Sustainable Zoning Laws

The destruction of land in the process of Urban Sprawl is irreversible. Wetlands, coastlines, and other valuable natural areas face the most serious threat. We’re lucky to live in a city that, since Daniel Burnham designed the layout of the 1893 World’s Fair, has preserved our lake shore. He took part in the “City Beautiful” movement and we have Burnham and his staff to thank for our unencumbered lake access and proximal green space (1). To this day, the Chicago Plan Commission will deny any attempt to build East of the boundary line established by the Lake Point Tower building (the tall, black, tube-shaped building next to Navy Pier) (2).

We’ve enjoyed our swimming and jogging privileges, but keeping high-rises away from our main source of water is even better for our health. The water quality improves, contributing to healthy plants and animals in its corresponding environment. Chicago residents also have clean water to use. And by allowing everyone to experience the benefits of a healthy lake, we learn to appreciate it and are more likely to protect this great natural resource. This is especially important; the key to success in many cases of environmental interest is getting people involved, excited, and believing they will make a difference (3).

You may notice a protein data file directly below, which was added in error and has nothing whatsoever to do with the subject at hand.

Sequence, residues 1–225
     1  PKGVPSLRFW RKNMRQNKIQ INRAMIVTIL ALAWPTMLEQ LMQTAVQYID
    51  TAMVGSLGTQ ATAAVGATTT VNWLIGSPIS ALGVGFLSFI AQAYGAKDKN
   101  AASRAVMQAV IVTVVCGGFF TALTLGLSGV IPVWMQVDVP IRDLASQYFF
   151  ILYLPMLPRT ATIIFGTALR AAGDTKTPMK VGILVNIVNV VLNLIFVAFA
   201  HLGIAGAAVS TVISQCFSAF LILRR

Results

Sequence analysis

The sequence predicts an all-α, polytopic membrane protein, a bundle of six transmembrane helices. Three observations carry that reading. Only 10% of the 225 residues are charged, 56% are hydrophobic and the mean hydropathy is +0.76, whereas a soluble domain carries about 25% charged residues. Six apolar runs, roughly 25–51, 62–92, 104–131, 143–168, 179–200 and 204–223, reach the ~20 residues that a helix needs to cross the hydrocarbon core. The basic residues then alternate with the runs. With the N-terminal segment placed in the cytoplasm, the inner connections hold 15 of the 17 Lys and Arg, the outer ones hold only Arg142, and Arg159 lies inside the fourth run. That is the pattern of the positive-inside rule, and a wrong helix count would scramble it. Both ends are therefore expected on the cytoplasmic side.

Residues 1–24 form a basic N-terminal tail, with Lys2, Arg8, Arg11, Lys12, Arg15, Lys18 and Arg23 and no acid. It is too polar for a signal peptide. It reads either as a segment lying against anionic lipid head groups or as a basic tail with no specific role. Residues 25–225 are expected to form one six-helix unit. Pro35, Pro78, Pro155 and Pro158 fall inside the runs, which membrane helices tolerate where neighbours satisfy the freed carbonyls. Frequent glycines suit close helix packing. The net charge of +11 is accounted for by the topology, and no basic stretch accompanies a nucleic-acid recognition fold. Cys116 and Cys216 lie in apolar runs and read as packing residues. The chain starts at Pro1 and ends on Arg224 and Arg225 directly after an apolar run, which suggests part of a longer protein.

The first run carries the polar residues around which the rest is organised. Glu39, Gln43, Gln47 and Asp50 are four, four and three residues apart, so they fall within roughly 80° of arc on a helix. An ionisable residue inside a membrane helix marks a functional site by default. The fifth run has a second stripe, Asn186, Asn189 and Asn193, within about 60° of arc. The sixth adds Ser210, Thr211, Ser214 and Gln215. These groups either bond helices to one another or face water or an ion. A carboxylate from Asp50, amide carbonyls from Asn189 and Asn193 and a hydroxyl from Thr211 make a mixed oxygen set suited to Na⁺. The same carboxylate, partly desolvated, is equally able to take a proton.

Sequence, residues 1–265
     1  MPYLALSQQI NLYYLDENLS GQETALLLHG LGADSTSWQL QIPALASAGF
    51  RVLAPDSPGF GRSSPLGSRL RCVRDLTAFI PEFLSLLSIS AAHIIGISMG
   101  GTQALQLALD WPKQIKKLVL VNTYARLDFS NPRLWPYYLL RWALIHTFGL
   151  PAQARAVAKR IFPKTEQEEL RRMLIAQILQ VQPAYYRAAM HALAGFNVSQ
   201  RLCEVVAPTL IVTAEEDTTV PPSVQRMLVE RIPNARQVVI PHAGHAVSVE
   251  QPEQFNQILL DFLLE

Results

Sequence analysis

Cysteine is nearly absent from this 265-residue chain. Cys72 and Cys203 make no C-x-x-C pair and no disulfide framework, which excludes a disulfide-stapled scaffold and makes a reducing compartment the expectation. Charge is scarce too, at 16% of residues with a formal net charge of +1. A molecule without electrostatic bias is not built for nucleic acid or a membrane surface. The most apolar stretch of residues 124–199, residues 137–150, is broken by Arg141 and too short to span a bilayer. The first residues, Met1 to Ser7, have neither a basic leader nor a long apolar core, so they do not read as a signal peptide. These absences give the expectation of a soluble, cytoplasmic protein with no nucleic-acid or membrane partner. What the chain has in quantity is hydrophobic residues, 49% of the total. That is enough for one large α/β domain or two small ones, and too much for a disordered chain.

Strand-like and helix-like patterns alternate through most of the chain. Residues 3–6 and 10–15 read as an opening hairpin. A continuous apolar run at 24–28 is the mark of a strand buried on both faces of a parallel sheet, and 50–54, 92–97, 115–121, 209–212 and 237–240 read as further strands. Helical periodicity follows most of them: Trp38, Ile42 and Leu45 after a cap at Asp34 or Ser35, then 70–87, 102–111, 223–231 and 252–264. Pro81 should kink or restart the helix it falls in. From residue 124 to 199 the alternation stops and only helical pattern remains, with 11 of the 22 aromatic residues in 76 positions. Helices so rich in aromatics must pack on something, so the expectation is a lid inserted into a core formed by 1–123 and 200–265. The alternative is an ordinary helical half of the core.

1. Wilson, William H. (1989). The City Beautiful Movement. Baltimore: The Johns Hopkins University Press. pp. 126–146
  2. City of Chicago. “Lake Michigan and Chicago Lakefront Protection Ordinance.” 2016. Cityofchicago.org. Chicago Plan Commission. Web.
  3. Roberts, David. “Got Denmark Envy? Wait until You Hear about Its Energy Policies.” Vox. 12 Mar. 2016. Web.

 

Advertisements

One thought on “Sustainable Zoning Laws

  1. It certainly is nice to have a lakefront that is not crowded by hotels and beachfront stores. It would also be nice if the water that reaches our lakefront did not have a chance to be contaminated with waste. Our sustainability with our lakefront green space should be complimented with the sustainability of our main water source. Whether the blame should be put on our original city-planning or on the policies of the current city government, that is a problem that should be solved in the near future.

    Like

Leave a Reply

Fill in your details below or click an icon to log in:

WordPress.com Logo

You are commenting using your WordPress.com account. Log Out / Change )

Twitter picture

You are commenting using your Twitter account. Log Out / Change )

Facebook photo

You are commenting using your Facebook account. Log Out / Change )

Google+ photo

You are commenting using your Google+ account. Log Out / Change )

Connecting to %s